‘MTSU On the Record’ sits in on ’70s films for pro...

‘MTSU On the Record’ sits in on ’70s films for professor’s fall honors course

The decade when American films took a dramatically different artistic turn was the subject of a recent “MTSU On the Record” radio program.

Dr. Will Brantley

Host Gina Logue’s interview with English professor and film aficionado Dr. Will Brantley first aired Aug. 22 on WMOT-FM Roots Radio 89.5 and You can listen to their conversation above.

Brantley will teach “American Film in the ’70s,” an honors interdisciplinary seminar, from 6 to 9 p.m. each Wednesday during the fall 2017 semester. It is open to students who have completed the general studies requirements in English and can be counted as three hours of upper-division English credit.

Film critics regard the 1970s as a halcyon period of creativity for American films as directors such as Francis Ford Coppola, Robert Altman, Martin Scorsese and Steven Spielberg came into their own.

WMOT Roots Radio-new logo-2017 web Owing to the seeds of distrust that had been sown by the Vietnam War and the Watergate scandal, the films reflected a skepticism and tendency to challenge established views that prior films had not displayed.

“The studio system found itself in disarray and was willing to try new things and to turn power over to some filmmakers who wouldn’t have had that much power previously,” said Brantley.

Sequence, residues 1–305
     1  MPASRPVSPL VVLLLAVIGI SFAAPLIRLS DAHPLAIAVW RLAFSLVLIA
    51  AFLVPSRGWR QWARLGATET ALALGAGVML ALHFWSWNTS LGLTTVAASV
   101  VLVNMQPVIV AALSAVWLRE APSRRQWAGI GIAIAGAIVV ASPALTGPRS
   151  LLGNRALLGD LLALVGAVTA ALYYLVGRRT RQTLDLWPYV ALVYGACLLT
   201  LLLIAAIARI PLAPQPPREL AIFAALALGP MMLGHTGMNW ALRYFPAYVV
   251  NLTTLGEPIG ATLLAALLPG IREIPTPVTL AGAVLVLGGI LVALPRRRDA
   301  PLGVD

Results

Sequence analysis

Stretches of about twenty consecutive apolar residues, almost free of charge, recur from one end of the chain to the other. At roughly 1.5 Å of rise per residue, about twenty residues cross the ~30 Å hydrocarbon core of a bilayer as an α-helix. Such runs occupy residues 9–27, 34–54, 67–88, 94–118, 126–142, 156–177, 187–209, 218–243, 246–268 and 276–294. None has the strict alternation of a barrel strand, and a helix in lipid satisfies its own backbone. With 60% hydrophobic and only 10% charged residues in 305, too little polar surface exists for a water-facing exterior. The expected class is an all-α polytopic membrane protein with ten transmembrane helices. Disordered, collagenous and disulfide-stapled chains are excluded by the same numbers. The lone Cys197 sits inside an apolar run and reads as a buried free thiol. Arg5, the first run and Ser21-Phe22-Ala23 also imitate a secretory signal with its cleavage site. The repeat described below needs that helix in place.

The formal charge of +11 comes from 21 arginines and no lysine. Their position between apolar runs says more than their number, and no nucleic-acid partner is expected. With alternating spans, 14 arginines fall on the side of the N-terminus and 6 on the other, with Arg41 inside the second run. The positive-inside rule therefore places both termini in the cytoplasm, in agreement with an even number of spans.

“They almost, to a fault, rejected the happy ending. They valued ambiguity. They valued raising questions as opposed to answering them.”

Scheduled screenings for the course include “Five Easy Pieces,” “Taxi Driver,” “The Deer Hunter,” “The Conversation,” “Nashville,” “The Last Picture Show,” “Cabaret” and “Carrie.”

To hear previous “MTSU On the Record” programs, visit the searchable “Audio Clips” archives at

For more information about “MTSU On the Record,” contact Logue at 615-898-5081 or WMOT-FM at 615-898-2800.

This still from the 1975 satirical film “Nashville,” directed by Robert Altman, depicts the climactic rally at the Parthenon in Centennial Park for a fabricated presidential candidate. Dr. Will Brantley of MTSU’s English department will discuss this film and others from the 1970s in an honors class this fall and on the Aug. 22 and 27 editions of “MTSU On the Record.” (photo courtesy of Paramount Pictures/Viacom)